I owned an umbrella when I lived in the Midwest.
I owned several, in fact, though rarely more than one at a time. I used them, sometimes—standing at the bus stop when I rode the bus across the river to school, walking across campus, or, if it wasn’t too rainy, walking home. Then for a while one lived on the backseat floor of my car, just in case.
I didn’t actually use the car umbrella, though. I made mad dashes from apartment to car and car to [insert destination]. I wasn’t outdoors long enough to really justify getting the umbrella out, and getting it wet, and then carrying it around wet and finding a place for it to dry. Umbrellas were work. I couldn’t be bothered.
Then I moved to New York.
You see, New York City eats umbrellas for breakfast. Where I once walked only as far as my car, I now walk at least a few blocks (half a mile or more) to get pretty much anywhere*. And I’m one of millions doing this. During the week, the city is filled with commuters who, like my husband, travel to and from work each day via some combination of walking and public transit. When it rains, maybe eighty-five percent of those people employ umbrellas.
Now, if the rain was just rain, the umbrellas might be okay. There’s an etiquette to learn—about when to fold your umbrella and when to leave it open, when to raise it and when to lower it, and when to look for a plastic bag so you don’t contribute to slippery floors or sopping carpet in retail establishments. These rules are pretty easy to master, though.
The real problem is the wind. Rain and storms often come with wind. New York is a coastal city and Manhattan an island, so things like nor’easters and hurricanes sometimes happen. Even regular old storms blow through the city in gusts, magnified as they funnel between skyscrapers.
Before New York, having an umbrella blow inside out was a fluke, something astonishing that might happen in really bad weather. Mainly something that happened in cartoons or Mary Poppins. Now, inside-out umbrellas are common nuisances. An increasing frequency begins to signal an umbrella’s death knell, for even if the umbrella does not die a violent death and have its skeletal remains tossed aside into a litter bin or dropped and trampled, it will eventually wear out.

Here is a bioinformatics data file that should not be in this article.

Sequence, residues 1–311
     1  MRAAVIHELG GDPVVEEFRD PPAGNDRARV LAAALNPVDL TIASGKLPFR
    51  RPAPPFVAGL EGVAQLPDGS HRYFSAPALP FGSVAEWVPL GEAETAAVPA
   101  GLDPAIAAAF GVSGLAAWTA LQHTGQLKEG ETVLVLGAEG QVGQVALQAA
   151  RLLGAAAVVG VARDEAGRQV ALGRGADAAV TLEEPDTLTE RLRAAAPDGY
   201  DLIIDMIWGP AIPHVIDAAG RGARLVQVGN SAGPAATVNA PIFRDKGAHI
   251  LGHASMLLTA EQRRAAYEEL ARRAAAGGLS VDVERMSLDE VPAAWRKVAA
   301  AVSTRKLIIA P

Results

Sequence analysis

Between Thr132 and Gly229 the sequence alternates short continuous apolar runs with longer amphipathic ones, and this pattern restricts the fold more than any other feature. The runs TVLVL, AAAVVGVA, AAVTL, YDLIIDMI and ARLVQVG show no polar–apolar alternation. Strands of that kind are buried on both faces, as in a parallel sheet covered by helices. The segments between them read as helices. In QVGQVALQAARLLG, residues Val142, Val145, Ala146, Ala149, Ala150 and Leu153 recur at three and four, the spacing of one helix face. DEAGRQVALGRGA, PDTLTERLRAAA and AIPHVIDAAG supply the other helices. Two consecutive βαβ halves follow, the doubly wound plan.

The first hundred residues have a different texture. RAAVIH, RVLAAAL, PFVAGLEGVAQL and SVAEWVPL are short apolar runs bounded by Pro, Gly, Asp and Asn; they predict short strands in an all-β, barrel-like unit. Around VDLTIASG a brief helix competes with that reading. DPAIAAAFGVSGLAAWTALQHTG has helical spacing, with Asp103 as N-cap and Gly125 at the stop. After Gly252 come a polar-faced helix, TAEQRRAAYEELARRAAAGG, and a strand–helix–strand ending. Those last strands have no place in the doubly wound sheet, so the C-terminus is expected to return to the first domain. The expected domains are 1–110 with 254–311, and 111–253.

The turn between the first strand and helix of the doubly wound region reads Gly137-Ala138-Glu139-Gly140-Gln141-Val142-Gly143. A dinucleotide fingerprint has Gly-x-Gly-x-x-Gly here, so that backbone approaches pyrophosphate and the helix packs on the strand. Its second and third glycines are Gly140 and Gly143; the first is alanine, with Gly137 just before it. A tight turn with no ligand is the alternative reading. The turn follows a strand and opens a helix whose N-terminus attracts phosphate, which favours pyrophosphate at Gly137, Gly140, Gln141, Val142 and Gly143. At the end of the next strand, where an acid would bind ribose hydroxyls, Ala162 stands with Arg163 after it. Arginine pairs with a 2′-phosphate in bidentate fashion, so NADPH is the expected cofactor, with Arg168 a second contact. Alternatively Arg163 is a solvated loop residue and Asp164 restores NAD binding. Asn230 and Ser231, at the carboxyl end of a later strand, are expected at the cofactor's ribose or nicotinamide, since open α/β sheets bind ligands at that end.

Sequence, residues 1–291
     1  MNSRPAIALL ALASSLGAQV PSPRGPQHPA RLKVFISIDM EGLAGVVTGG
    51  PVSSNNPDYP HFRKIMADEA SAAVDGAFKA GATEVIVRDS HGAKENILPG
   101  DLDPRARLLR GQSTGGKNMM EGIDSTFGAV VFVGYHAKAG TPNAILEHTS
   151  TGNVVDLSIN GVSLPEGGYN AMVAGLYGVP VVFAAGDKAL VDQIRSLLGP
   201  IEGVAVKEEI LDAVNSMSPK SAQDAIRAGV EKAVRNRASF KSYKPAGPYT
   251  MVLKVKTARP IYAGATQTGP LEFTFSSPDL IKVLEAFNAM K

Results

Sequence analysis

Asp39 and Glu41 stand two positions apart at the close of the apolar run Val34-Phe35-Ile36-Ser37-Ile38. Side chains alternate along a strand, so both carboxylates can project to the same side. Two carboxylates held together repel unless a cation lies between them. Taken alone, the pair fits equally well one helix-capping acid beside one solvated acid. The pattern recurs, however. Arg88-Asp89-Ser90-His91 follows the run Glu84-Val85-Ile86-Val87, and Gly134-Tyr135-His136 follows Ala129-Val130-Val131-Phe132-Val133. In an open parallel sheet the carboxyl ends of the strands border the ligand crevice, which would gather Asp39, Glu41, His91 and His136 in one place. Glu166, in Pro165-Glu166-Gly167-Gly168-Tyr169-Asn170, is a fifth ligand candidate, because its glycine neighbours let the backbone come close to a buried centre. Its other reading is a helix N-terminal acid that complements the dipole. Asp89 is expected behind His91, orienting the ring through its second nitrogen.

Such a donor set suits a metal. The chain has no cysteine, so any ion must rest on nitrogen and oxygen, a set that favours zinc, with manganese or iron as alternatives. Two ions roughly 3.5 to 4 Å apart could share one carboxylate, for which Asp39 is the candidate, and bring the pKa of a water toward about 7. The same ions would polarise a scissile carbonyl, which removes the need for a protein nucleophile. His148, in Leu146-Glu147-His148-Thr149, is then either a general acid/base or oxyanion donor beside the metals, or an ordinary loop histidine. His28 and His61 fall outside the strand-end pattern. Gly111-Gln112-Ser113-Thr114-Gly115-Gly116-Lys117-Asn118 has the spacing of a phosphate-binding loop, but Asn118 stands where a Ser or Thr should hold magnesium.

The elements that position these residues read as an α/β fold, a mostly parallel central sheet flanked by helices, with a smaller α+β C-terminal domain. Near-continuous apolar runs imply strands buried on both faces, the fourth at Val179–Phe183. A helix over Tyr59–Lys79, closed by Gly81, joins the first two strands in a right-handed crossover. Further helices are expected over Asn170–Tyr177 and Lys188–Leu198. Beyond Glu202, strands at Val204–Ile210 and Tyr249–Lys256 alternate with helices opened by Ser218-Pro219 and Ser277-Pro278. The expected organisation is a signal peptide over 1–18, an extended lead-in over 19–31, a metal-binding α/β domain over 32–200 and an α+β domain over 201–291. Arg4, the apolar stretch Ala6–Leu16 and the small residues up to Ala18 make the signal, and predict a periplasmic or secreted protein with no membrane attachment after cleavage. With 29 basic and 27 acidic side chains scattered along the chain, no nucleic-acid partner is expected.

The kicker is that even the best umbrella isn’t good enough sometimes. When the rain falls hard and the wind really picks up and barrels through the streets, you don’t stand a chance. Even if your umbrella escapes unscathed (highly unlikely), any part of your body not covered in impermeable materials—and, inexplicably, some parts that are—will be soaked. If you made the mistake of wearing anything but wellies, your shoes will squelch and your toes will shrivel to raisins.
You will pass the moments longing to return home and wonder if you will ever be dry again.
My husband and I moved to New York with two umbrellas. Now we have five umbrellas and have acquired additional boots and rain gear as well. As I write this, Hurricane Joaquin is twisting itself out over the Atlantic, sending in rain and wind and chill. I put on my rubber boots, shop for the indestructible Holy Grail of umbrellas on Amazon, and renew my stalwart commitment to staying in.
*Anywhere except class, chapel, and weekday lunches, that is. Living on campus is still awesome.
Alissa Goudswaard Anderson (’10) lives with her husband Josh in New York City, where she is earning her Master of Divinity at General Theological Seminary. Alissa enjoys private kitchen dance parties, big Midwestern thunderstorms, and perusing other peoples’ bookshelves. For more, find her online at www.episcotheque.wordpress.com or tweet her @episcotheque.